While investigating a shipwreck, government scientists uncovered two "giant flowers" on the ocean floor which in fact turned out to be asphalt volcanoes, reports reveal.

Roughly 175 miles off the Texas coast, the underwater robot Deep Discoverer (D2) was sent in to explore three sunken ships lying over a mile beneath the surface. Researchers said sonar showed a cluster of "really big structures" at a depth of 1,900 meters in the Gulf of Mexico, which the team thought was a shipwreck.

A closer look showed rocks splayed out in the formation of a flower, with a black substance leaking out of it.

"Within a few minutes, the scientists on the dive realized that they were looking at a much unexpected example of an asphalt volcano," the NOAA said.

When materials from deep within the Earth are expelled, they create the above land structures we see as volcanoes. Mostly we think of molten lava when we hear the word "volcano", but they can form from eruptions of mud, shale, and salt, too.

"Imagine that this would be like a big piece of molten tar," William Kiene, a regional scientist with NOAA's Office of National Marine Sanctuaries, said, according to KHOU. "And as it gets to the surface and it comes in contact with the cold water, it would solidify. So it came up in this very peculiar shape, like a lily. When we see something like that, we just blurt out these odd names. So we come up with this: 'Tar Lily.'"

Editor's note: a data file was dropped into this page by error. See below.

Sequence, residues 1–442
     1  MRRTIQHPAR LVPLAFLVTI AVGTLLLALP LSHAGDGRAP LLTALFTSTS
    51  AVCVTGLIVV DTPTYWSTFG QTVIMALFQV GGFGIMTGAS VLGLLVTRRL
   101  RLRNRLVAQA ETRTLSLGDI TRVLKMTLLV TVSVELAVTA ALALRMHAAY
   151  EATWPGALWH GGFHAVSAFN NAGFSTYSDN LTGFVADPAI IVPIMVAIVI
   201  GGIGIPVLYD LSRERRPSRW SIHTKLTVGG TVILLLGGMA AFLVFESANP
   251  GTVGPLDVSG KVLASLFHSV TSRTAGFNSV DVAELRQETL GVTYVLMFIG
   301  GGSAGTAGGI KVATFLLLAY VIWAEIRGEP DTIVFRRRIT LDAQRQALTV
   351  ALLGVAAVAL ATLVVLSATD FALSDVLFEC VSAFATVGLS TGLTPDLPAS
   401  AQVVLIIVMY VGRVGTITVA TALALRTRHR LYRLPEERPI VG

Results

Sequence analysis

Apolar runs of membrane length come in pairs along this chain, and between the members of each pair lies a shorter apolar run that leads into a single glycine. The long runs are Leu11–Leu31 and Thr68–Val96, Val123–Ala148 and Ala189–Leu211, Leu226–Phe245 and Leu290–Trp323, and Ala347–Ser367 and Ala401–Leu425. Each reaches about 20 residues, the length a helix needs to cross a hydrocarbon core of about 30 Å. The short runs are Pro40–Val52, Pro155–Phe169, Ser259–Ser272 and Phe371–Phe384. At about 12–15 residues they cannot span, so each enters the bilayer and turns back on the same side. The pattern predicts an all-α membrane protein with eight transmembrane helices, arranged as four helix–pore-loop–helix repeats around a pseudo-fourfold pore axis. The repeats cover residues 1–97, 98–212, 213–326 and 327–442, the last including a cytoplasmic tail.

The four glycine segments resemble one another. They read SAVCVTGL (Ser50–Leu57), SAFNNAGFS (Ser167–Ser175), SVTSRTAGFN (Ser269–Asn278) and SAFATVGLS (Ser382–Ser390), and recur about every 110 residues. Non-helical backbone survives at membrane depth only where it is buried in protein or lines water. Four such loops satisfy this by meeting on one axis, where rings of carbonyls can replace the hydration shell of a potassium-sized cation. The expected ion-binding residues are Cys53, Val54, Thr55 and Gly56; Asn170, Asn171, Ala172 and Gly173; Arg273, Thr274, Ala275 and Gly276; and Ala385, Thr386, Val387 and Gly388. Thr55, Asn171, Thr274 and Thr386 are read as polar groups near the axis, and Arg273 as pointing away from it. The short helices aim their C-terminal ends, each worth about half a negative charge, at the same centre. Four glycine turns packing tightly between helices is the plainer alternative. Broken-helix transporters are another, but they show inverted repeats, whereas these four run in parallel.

In 2004, scientists on the German ship F/V SONNE reported asphalt volcanoes 3,000 meters deep in the southern Gulf of Mexico. Other reports confirmed similar asphalt volcanoes off the coast of California and West Africa.

Although the asphalt volcano appears to be dormant at the moment, the size of its "petals" suggest that there still may be more asphalt below waiting to ooze onto the ocean floor, the NOAA reported.

Video below via Daily Mail.